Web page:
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The purpose of schools is to educate children, and we know that head teachers and other school staff are very busy with this. Why would schools want to think about being a play-friendly school on top of everything else they have to do? We think there are lots of reasons, here we offer two:

  • the first is that governments who have ratified the UN Convention on the Rights of the Child have a duty to recognise, respect and promote children’s right to play, and this includes in school;

  • the second is that a play-friendly school is one where children are more likely to be happy, settled, in good mental and physical health, and open to learning; in other words, making time and space for play in the school day helps rather than hinders children’s education.

Article 31 of the United Nations Convention on the Rights of the Child states that every child has the right to play. In April 2013, recognising that article 31 is often called ‘the forgotten right’, the UN Committee on the Rights of the Child published a General Comment (GC17) giving guidance to governments on their responsibilities regarding article 31. The General Comment states that article 31 rights are...


fundamental to the quality of childhood, to children’s entitlement to optimum development, to the promotion of resilience, and to the realisation of other rights … Play and recreation are essential to the health and well-being of children and promote the development of creativity, imagination, self-confidence, self-efficacy, and physical, social cognitive and emotional strength and skills. They contribute to all aspects of learning. They are a form of participation in everyday life, and are of intrinsic value to the child, purely in terms of the enjoyment and pleasure they afford.[1]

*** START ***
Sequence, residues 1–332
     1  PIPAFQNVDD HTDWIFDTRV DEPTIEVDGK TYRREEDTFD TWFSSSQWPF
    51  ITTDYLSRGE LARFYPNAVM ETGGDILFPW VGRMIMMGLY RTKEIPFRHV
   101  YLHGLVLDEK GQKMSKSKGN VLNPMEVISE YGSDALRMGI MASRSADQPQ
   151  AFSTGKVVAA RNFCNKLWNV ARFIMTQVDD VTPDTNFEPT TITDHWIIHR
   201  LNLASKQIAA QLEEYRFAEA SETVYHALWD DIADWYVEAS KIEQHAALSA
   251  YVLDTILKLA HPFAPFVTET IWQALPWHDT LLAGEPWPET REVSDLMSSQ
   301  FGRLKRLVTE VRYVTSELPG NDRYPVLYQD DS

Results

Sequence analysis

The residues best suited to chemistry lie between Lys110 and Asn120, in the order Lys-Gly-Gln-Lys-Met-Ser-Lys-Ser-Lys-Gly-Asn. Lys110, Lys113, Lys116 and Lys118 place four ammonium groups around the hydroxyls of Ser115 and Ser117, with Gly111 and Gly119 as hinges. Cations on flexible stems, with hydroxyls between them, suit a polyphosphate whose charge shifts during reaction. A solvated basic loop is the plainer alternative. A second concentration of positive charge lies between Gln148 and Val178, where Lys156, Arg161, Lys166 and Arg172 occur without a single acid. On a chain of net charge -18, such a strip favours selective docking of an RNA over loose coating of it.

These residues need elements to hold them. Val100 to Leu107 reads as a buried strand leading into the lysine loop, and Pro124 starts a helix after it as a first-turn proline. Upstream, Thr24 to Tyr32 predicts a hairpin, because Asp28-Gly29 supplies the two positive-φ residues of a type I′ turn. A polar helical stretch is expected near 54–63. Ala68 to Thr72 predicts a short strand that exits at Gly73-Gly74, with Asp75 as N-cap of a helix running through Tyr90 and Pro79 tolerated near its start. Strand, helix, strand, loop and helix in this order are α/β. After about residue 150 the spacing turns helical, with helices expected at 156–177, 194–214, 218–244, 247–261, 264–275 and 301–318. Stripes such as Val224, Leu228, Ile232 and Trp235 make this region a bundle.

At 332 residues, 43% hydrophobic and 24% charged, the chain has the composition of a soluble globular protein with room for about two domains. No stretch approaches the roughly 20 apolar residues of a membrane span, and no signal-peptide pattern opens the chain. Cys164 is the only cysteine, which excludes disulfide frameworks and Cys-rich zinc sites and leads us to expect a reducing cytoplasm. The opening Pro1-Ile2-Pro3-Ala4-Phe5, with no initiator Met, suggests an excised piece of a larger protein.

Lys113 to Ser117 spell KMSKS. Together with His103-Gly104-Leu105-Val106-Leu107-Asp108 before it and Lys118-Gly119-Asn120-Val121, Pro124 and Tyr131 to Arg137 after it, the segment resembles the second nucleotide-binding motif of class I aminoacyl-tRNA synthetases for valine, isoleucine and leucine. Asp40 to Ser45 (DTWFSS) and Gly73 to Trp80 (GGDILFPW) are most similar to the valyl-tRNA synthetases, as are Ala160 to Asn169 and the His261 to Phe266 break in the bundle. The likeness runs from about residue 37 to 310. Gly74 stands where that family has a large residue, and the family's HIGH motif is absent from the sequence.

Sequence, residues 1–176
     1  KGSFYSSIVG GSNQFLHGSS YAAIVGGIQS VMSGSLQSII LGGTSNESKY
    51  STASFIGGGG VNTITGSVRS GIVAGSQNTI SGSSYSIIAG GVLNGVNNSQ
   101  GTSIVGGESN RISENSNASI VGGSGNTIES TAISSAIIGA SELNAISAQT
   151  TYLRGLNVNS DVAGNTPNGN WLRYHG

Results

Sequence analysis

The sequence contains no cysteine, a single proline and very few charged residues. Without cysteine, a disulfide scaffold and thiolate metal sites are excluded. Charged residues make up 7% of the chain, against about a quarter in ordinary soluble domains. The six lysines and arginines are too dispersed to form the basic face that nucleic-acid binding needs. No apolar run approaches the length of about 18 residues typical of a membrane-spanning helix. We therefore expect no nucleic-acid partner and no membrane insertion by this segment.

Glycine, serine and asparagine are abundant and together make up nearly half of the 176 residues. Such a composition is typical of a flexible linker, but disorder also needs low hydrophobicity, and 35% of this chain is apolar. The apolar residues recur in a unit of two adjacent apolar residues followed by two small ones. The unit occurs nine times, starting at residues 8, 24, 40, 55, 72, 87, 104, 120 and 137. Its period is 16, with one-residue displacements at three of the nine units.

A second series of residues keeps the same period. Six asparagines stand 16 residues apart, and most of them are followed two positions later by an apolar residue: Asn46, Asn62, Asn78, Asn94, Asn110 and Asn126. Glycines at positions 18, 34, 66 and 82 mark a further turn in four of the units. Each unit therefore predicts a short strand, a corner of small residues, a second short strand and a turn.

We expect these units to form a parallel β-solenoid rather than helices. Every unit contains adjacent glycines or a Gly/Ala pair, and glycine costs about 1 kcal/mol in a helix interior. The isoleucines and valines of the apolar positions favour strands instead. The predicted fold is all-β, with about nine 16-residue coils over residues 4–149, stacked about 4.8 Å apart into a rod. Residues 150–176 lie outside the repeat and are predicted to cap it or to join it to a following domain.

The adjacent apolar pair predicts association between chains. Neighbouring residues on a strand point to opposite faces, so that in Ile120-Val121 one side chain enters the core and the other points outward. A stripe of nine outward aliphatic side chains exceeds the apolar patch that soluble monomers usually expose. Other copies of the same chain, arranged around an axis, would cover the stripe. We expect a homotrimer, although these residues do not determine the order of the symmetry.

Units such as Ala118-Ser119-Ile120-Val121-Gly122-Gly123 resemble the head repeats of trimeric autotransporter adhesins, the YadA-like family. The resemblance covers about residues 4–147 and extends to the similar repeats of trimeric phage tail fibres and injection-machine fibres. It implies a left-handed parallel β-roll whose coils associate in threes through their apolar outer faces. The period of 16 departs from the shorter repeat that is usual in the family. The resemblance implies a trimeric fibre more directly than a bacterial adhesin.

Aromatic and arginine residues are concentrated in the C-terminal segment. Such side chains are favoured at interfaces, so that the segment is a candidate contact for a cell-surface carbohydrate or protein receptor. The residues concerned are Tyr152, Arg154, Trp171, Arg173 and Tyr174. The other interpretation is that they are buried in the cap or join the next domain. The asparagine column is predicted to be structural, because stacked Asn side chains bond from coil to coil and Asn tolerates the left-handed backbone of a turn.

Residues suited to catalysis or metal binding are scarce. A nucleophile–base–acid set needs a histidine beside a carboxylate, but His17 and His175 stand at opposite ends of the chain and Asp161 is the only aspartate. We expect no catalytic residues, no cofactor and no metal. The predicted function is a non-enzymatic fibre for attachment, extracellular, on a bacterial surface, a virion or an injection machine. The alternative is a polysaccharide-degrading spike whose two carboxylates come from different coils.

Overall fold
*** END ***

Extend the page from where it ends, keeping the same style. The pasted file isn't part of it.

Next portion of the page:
In outlining governments’ responsibility for recognising, respecting and promoting article 31 rights, the General Comment specifically states that schools have a major role to play, including through the provision of outdoor and indoor spaces that afford opportunities for all forms of playing and for all children, and that the structure of the school day should allow sufficient time and space for play.


[1] UNCRC (2013) General Comment 17: The right of the child to rest, leisure, play, recreational activities, cultural life and the arts (Article 31), (p.4), available at:

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